Two NASCAR officials suspended after harassment allegations

CHARLOTTE, N.C. -- Two officials named in a $225 million racial discrimination and sexual harassment lawsuit against NASCAR have been placed on administrative leave for violating company policy, The Associated Press has learned.

The officials, who were not immediately identified, were sent home from Kentucky Speedway on Friday evening, a person familiar with the NASCAR investigation told the AP. The person requested anonymity because NASCAR's investigation is ongoing.

Mauricia Grant filed her suit Tuesday, alleging 23 specific incidents of sexual harassment and 34 specific incidents of racial and gender discrimination during her time as a technical inspector for NASCAR's second-tier Nationwide Series.

Grant, who is black, claims her October 2007 firing was retaliation for complaining about the way she was treated on the job from her hiring in January 2005.

NASCAR chairman Brian France has not addressed the validity of Grant's claims, but said the former official never made a formal complaint of followed NASCAR policy in reporting harassment.

NASCAR sent a team of investigators from its human resources and legal offices to Kentucky this weekend to interview those named in the suit. Of 27 interviews conducted away from the track Thursday and Friday, two officials were found to have engaged in behavior that violated NASCAR policy.

Their leave is indefinite, but paid.

"We take this issue very seriously, and we're going to always do everything we can to maintain a professional work place," NASCAR spokesman Ramsey Poston said.

In addition, investigators failed to uncover a single instance where Grant complained to her supervisors or other NASCAR employees about the way she was treated, and NASCAR plans to continue defending the organization against the lawsuit, the person familiar with the investigation told AP.

Grant has said she followed the chain of command all the way to Nationwide Series director Joe Balash, but stopped short of telling human resources because she was reprimanded by that department for a separate incident two weeks after lodging her complaint. She said she viewed the reprimand, which included a threat of termination, as retaliation for complaining to Balash.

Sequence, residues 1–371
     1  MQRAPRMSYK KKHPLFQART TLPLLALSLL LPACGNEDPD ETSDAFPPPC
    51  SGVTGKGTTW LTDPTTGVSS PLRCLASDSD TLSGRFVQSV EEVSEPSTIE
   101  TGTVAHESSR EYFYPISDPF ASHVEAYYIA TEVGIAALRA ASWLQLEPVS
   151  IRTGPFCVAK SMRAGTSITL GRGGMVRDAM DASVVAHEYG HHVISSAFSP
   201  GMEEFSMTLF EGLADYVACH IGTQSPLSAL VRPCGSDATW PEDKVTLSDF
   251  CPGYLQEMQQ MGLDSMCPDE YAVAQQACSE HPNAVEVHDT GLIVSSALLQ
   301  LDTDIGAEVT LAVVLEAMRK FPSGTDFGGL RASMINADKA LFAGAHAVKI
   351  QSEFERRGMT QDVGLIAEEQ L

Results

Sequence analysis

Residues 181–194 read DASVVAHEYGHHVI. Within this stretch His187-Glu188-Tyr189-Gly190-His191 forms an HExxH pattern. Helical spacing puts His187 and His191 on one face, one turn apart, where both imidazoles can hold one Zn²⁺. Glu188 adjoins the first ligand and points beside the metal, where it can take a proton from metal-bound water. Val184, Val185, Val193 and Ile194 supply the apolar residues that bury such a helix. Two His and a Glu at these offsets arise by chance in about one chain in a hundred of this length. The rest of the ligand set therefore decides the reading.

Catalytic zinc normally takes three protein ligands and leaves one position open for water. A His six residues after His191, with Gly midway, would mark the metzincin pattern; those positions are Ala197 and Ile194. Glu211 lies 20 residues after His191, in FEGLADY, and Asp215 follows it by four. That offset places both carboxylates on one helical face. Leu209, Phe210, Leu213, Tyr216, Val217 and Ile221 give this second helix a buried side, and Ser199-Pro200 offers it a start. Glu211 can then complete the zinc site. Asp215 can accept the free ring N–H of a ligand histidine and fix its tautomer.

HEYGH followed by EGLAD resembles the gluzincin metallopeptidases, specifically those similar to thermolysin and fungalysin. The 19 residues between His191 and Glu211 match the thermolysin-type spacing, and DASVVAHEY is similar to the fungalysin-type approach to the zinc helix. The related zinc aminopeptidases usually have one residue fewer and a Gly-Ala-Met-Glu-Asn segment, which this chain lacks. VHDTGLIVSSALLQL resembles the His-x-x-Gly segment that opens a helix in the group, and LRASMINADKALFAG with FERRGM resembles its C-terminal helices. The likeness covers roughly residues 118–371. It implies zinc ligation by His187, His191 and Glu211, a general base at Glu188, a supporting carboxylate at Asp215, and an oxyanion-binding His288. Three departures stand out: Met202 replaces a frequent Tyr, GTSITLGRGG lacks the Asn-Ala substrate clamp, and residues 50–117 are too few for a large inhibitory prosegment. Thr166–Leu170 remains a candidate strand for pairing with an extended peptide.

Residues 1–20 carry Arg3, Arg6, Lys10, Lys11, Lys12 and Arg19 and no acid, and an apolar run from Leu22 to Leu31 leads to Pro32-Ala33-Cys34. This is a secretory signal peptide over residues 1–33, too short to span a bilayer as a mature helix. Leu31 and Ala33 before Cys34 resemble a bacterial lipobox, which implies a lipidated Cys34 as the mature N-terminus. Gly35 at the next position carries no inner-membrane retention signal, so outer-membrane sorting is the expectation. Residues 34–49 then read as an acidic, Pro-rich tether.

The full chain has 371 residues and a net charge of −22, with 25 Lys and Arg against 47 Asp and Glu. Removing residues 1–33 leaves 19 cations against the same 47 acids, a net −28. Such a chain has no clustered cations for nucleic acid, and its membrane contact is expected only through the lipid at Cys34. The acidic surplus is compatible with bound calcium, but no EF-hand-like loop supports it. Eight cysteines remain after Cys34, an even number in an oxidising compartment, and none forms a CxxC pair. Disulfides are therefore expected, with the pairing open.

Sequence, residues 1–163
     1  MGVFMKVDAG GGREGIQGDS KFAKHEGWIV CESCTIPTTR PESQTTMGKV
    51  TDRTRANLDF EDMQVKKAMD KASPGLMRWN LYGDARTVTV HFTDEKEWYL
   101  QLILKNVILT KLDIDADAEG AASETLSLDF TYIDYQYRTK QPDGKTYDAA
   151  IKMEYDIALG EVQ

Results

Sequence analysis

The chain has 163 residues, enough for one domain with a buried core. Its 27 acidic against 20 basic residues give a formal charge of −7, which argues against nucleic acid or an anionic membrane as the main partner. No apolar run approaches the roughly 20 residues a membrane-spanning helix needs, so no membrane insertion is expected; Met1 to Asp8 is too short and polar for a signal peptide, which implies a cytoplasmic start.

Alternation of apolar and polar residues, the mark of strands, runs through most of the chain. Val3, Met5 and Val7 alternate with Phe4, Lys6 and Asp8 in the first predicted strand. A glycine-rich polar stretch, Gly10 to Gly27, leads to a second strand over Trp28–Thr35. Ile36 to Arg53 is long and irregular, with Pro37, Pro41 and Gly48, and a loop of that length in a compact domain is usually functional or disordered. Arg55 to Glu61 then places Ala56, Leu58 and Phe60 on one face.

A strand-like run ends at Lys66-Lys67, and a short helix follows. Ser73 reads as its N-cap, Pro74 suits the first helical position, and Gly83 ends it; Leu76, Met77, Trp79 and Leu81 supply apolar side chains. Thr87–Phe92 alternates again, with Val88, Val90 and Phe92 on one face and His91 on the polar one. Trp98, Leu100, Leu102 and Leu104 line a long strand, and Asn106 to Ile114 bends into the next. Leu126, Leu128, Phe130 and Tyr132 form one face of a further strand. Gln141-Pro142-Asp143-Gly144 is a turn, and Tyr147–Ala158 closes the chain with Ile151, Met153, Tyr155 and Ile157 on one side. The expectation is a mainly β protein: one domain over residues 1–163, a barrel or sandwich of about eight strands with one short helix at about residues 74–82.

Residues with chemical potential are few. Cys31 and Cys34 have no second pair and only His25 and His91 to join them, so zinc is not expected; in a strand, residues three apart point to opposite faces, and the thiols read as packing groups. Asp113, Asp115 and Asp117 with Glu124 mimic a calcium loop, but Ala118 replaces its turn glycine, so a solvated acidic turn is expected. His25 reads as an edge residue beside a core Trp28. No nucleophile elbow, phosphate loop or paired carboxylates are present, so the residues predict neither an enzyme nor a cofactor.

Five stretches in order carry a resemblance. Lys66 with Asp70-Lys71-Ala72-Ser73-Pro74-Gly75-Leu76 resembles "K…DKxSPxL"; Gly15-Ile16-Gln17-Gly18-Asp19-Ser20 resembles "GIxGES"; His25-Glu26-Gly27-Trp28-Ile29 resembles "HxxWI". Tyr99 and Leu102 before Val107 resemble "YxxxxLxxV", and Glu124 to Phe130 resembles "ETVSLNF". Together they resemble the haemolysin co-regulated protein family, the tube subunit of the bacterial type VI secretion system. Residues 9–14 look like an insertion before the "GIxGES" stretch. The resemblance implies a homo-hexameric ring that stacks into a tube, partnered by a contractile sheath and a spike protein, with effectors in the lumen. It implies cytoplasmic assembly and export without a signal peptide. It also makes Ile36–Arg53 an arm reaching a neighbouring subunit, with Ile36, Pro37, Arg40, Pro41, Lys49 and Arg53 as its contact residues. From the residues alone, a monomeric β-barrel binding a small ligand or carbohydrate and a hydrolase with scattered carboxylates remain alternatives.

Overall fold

Named in the suit are Balash, assistant series director Mike Dolan, two supervisors, NASCAR's senior manager for business relations, the human resources director and 17 officials who were Grant's co-workers.

The two employees placed on leave Friday were among those 17 officials. Balash, Dolan and the two supervisors remained on site in Kentucky for Saturday night's Nationwide Series race.

Grant's lawyer, Benedict P. Morelli of Morelli Ratner PC, called NASCAR's action "unbelievable and astonishing" but said it was too little too late for his client.

"It seems to me that maybe they should close the barn door before the horse runs out, instead of after the horse runs out," Morelli told AP. "This is what you do when you are in a defensive posture. They should have known this was going on."

In her suit, Grant claims she was referred to as "Nappy Headed Mo" and "Queen Sheba," by co-workers, was often told she worked on "colored people time," and was frightened by one official who routinely made references to the Ku Klux Klan.

In addition, Grant said she was subjected to sexual advances from male co-workers, two of whom allegedly exposed themselves to her, and graphic and lewd jokes. She says she has e-mails and text messages to support her claims.

One of the officials named in the suit told AP earlier this week that Grant never once complained about how she was treated in time the two spent together away from the track. Mike Wilford also said she was a willing participant in graphic and lewd jokes and has "twisted" events to benefit her suit.

Morelli said NASCAR's action Friday, coupled with Wilford's admission that questionable behavior existed, bolsters Grant's claims.

"All this does is prove that she was telling the truth," Morelli said. "It's proof positive that it was going on, and it's too little too late."

Wilford, who is Hispanic, is one of two officials named in the suit who no longer works for NASCAR. He said he left the company willingly to pursue another career in Arizona. Grant claims he was fired.

A second official, David Duke, was fired roughly six weeks ago. Duke is listed numerous times in the suit, and allegedly sent Grant graphic text messages, but NASCAR said his termination was unrelated to Grant's claims.